Pioglitazone Hydrochloride and Metformin Hydrochloride: Package Insert and Label Information (Page 5 of 6)

13 NONCLINICAL TOXICOLOGY

13.1 Carcinogenesis, Mutagenesis, Impairment of Fertility

Pioglitazone and Metformin Hydrochloride
No animal studies have been conducted with pioglitazone and metformin hydrochloride. The following data are based on findings in studies performed with pioglitazone or metformin individually.
Pioglitazone
A two-year carcinogenicity study was conducted in male and female rats at oral doses up to 63 mg/kg (approximately 14 times the maximum recommended human oral dose of 45 mg based on mg/m2). Drug-induced tumors were not observed in any organ except for the urinary bladder of male rats. Benign and/or malignant transitional cell neoplasms were observed in male rats at 4 mg/kg/day and above (approximately equal to the maximum recommended human oral dose based on mg/m2). Urinary calculi with subsequent irritation and hyperplasia were postulated as the mechanism for bladder tumors observed in male rats. A two-year mechanistic study in male rats utilizing dietary acidification to reduce calculi formation was completed in 2009. Dietary acidification decreased but did not abolish the hyperplastic changes in the bladder. The presence of calculi exacerbated the hyperplastic response to pioglitazone but was not considered the primary cause of the hyperplastic changes.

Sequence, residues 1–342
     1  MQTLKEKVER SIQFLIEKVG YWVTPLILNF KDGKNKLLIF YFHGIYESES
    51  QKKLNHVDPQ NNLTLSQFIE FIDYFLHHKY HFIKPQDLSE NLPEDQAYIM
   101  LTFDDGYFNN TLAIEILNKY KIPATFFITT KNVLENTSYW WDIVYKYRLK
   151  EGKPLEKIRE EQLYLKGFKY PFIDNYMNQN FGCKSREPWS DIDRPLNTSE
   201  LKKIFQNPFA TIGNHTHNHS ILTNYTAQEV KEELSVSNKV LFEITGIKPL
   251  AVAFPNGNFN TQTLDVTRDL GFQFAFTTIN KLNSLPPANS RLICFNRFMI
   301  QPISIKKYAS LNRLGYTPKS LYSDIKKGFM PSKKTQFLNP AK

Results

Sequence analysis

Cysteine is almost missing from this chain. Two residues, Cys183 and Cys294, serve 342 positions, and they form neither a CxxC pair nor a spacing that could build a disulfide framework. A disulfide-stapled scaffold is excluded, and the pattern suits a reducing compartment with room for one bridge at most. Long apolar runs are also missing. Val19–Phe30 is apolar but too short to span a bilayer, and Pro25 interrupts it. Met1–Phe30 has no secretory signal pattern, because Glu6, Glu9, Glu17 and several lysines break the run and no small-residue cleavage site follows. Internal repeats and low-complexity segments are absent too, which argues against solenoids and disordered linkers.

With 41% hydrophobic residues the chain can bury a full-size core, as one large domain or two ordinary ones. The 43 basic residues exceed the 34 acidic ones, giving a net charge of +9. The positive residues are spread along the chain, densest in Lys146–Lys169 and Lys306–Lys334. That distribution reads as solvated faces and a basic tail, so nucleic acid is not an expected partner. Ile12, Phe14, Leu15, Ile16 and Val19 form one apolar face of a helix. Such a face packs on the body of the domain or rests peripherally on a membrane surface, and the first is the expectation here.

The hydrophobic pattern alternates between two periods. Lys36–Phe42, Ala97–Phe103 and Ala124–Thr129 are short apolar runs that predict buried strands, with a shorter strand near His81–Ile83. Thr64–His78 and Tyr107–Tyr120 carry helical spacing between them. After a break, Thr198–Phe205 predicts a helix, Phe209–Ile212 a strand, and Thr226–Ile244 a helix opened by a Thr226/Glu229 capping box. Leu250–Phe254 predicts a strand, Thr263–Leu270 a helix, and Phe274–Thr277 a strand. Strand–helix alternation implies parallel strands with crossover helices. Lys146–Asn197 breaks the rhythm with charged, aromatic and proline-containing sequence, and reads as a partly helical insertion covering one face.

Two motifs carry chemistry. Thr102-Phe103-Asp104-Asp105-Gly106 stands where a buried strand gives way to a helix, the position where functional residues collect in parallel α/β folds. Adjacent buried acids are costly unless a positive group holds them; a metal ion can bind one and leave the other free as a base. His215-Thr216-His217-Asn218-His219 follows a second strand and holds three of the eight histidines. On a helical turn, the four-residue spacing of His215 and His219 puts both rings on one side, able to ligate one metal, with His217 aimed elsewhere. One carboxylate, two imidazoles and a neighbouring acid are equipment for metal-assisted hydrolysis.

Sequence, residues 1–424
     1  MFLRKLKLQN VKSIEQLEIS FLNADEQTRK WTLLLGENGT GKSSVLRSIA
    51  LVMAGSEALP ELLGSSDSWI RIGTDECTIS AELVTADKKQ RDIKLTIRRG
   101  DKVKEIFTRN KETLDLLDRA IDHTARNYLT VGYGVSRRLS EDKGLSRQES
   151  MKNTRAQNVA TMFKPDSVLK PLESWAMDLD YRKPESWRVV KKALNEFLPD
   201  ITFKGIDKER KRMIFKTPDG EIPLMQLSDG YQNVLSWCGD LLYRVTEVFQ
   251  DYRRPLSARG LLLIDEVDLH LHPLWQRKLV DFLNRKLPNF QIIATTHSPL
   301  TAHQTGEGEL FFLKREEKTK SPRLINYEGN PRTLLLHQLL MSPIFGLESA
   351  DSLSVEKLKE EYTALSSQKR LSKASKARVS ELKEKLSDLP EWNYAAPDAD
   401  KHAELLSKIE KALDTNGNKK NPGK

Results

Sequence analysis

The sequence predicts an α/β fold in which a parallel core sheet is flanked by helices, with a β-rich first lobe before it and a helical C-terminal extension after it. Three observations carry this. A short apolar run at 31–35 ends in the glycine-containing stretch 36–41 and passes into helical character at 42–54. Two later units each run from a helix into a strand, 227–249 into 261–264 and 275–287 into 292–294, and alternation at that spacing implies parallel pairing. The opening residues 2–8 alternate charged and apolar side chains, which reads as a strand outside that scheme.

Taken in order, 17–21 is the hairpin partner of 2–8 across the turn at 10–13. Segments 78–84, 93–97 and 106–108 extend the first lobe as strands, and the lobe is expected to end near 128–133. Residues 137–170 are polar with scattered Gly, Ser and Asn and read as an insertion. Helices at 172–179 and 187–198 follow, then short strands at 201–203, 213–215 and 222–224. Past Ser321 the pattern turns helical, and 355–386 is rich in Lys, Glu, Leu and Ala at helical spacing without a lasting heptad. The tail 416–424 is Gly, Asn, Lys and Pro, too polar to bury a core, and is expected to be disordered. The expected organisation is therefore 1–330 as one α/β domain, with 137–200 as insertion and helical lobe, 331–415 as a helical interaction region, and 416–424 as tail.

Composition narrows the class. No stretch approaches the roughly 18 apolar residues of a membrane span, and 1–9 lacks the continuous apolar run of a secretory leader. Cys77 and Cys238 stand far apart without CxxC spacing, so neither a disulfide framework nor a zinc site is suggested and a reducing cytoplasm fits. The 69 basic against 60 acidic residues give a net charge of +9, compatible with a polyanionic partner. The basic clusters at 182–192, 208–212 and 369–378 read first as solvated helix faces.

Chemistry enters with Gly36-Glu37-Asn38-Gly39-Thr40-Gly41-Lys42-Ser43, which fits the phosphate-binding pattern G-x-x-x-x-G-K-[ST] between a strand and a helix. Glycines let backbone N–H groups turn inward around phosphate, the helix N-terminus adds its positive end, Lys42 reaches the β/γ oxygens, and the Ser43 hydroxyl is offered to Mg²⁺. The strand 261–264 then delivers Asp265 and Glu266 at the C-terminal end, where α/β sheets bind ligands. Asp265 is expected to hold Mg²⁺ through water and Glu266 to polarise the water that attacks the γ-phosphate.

The relevance to humans of the bladder findings in the male rat cannot be excluded.
A two-year carcinogenicity study was also conducted in male and female mice at oral doses up to 100 mg/kg/day (approximately 11 times the maximum recommended human oral dose based on mg/m2). No drug-induced tumors were observed in any organ.
Pioglitazone hydrochloride was not mutagenic in a battery of genetic toxicology studies, including the Ames bacterial assay, a mammalian cell forward gene mutation assay (CHO/HPRT and AS52/XPRT), an in vitro cytogenetics assay using CHL cells, an unscheduled DNA synthesis assay, and an in vivo micronucleus assay.
No adverse effects upon fertility were observed in male and female rats at oral doses up to 40 mg/kg pioglitazone hydrochloride daily prior to and throughout mating and gestation (approximately nine times the maximum recommended human oral dose based on mg/m2).
Metformin hydrochloride
Long-term carcinogenicity studies have been performed in rats (dosing duration of 104 weeks) and mice (dosing duration of 91 weeks) at doses up to and including 900 mg/kg/day and 1500 mg/kg/day, respectively. These doses are both approximately four times a human daily dose of 2000 mg of the metformin component of pioglitazone and metformin hydrochloride based on body surface area comparisons. No evidence of carcinogenicity with metformin was found in either male or female mice. Similarly, there was no tumorigenic potential observed with metformin in male rats. There was, however, an increased incidence of benign stromal uterine polyps in female rats treated with 900 mg/kg/day.